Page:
Jefsen’s agency is dedicated to housing the chronically homeless and is best known for operating the McCreesh Place homeless site on North Davidson Street. It houses 90 men who face disabilities or addiction issues.

The chronically homeless are a troubled subset of the homeless that experts say cost local taxpayers an average of $39,450 a year per person, based on a survey by Charlotte’s Urban Ministry Center. That figure is based on such things as frequent hospital admissions and nights spent in jail for nonviolent offenses like trespassing and public urination.

The Urban Ministry Center has identified 1,172 chronically homeless adults living among the county’s 5,000-plus homeless men, women and children. Of that group of 1,172, about half have serious medical conditions that make them vulnerable to dying on the streets.

Charlotte’s charity effort to expand housing for such people started small in 2008, with an Urban Ministry effort that housed 14 adults in apartments and surrounded them with supportive services.

That program, which is only one of the ministry’s housing efforts, has since expanded to 45 apartments and maintains a 90 percent housing retention rate, officials said. The program will continue to expand, officials said.

As for the hundreds of others still waiting for housing, the ministry reports that 16 have already died on the streets in the past three years.

Elizabeth troubles force change

Jefsen says her agency had planned to build three apartment communities like McCreesh Place in the next five years, to house 225 chronically homeless.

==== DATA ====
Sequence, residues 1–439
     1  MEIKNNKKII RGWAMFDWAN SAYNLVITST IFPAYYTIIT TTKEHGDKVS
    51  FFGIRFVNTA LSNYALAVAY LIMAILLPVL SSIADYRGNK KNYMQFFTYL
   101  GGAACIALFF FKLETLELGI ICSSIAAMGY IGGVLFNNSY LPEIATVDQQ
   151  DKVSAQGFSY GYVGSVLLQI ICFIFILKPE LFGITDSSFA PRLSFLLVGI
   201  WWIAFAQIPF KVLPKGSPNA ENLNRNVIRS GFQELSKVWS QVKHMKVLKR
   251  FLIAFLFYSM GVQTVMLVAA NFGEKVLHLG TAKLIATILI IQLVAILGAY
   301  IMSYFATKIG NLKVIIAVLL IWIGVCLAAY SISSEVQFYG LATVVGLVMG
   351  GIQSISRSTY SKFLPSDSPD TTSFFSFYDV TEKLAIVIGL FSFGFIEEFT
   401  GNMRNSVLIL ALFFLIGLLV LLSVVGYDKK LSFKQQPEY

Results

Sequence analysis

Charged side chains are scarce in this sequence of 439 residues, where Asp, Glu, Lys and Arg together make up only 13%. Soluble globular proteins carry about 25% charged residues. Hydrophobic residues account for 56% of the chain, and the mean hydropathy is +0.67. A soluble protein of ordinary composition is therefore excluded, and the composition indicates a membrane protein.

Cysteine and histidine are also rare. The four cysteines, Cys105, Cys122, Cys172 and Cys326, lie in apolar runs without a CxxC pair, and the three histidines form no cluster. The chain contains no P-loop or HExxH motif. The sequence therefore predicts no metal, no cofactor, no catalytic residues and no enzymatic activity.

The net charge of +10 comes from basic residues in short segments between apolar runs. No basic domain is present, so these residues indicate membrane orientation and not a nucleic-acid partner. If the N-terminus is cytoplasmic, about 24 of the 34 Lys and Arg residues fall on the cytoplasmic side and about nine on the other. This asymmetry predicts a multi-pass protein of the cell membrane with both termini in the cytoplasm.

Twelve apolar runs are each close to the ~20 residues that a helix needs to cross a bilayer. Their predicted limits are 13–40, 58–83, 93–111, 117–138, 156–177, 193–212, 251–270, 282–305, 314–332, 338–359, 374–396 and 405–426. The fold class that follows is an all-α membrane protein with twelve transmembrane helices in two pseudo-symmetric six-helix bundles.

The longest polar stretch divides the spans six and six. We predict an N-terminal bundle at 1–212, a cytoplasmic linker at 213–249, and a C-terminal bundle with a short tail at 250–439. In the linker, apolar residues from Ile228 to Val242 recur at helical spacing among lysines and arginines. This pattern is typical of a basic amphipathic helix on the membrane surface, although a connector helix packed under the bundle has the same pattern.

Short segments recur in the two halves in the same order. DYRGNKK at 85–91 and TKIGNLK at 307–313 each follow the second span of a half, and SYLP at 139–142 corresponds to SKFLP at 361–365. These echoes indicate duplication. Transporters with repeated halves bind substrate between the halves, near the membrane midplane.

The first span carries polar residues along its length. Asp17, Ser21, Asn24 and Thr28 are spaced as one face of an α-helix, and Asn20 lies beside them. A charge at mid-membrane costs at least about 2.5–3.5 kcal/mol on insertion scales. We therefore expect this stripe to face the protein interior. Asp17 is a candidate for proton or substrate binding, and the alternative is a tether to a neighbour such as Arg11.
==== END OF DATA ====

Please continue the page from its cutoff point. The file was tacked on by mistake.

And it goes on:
But the troubles faced in Elizabeth forced her to innovate.

Money that the U.S. Department of Housing and Urban Development committed to the Elizabeth project is being used for apartments.

The first dozen homeless are being moved into the 33-unit St. John’s Church Road Apartments near Reedy Creek Park. Rents will be $425 a month, and tenants are expected to contribute 30 percent of their income to the cost. That income typically comes from disability or veterans benefits.

Thirty people have applied to move in, including some who live in homeless camps around the city, officials said. All will undergo criminal background checks before moving in, officials said.

City and county officials contacted by the Observer concede some neighbors might have concerns about the expanding use of apartments for the chronically homeless.

However, Charlotte City Council member Andy Dulin said those concerns might be born of myths: “Just because you’re homeless doesn’t mean you’re going to be ripping off someone else.”

Plus, he’s not sure the city or citizens can do anything about it. Council member Patsy Kinsey agrees.

She is familiar with the idea of scattered site housing and she says she’s never heard a complaint about it. That could be because neighbors don’t realize chronically homeless people are living next door, she says.

“People get all up in arms when you place all the chronically homeless in one area, and I understand that,” Kinsey says. “I think this makes sense because it spreads a few here and a few there. It’s easier for a neighborhood to accept.”

Peter Safir, homeless services director for Mecklenburg County, says avoiding protests saves charities time and money. His department is among those that use scattered site apartments, for a HUD-financed program called Shelter Plus Care. It houses 257 disabled homeless people in apartments, coupled with social services.

Yet another county scattered-site project is in the works for this summer, officials said, catering specifically to chronically homeless people with a criminal history. That initiative, called FUSE, will start by housing 45 homeless adults who are determined not to be a threat to the community. Apartment sites have yet to be chosen. The program, which is expected to grow, will be funded with county money, officials said.

“They will have to meet behavior standards and they will be closely monitored,” Safir says.

“The thing about scattered site housing is that you can’t put people out there and leave them alone. You have to have supportive services so they don’t undo the all progress they’ve made in addressing the issues that made them homeless.”

Price: 704-358-5245